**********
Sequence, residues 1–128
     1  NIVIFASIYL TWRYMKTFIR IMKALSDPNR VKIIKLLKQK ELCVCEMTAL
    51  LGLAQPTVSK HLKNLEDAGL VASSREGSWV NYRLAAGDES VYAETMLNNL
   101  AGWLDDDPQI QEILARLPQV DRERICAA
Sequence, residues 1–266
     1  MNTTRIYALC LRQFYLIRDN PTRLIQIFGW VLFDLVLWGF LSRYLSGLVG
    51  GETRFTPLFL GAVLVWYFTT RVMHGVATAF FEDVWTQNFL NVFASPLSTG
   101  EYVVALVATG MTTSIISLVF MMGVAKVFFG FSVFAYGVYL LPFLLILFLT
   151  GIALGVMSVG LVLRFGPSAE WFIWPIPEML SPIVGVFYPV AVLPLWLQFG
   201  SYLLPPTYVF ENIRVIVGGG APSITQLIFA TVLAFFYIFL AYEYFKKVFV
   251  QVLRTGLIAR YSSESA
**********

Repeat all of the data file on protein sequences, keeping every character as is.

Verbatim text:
Sequence, residues 1–128
     1  NIVIFASIYL TWRYMKTFIR IMKALSDPNR VKIIKLLKQK ELCVCEMTAL
    51  LGLAQPTVSK HLKNLEDAGL VASSREGSWV NYRLAAGDES VYAETMLNNL
   101  AGWLDDDPQI QEILARLPQV DRERICAA
Sequence, residues 1–266
     1  MNTTRIYALC LRQFYLIRDN PTRLIQIFGW VLFDLVLWGF LSRYLSGLVG
    51  GETRFTPLFL GAVLVWYFTT RVMHGVATAF FEDVWTQNFL NVFASPLSTG
   101  EYVVALVATG MTTSIISLVF MMGVAKVFFG FSVFAYGVYL LPFLLILFLT
   151  GIALGVMSVG LVLRFGPSAE WFIWPIPEML SPIVGVFYPV AVLPLWLQFG
   201  SYLLPPTYVF ENIRVIVGGG APSITQLIFA TVLAFFYIFL AYEYFKKVFV
   251  QVLRTGLIAR YSSESA